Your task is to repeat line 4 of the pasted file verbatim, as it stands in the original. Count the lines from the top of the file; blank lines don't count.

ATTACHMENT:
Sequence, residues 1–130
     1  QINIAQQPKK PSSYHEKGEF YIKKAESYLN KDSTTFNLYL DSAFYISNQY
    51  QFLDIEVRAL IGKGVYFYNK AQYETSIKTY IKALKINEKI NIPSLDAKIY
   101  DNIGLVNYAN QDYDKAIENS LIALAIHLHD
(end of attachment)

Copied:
   101  DNIGLVNYAN QDYDKAIENS LIALAIHLHD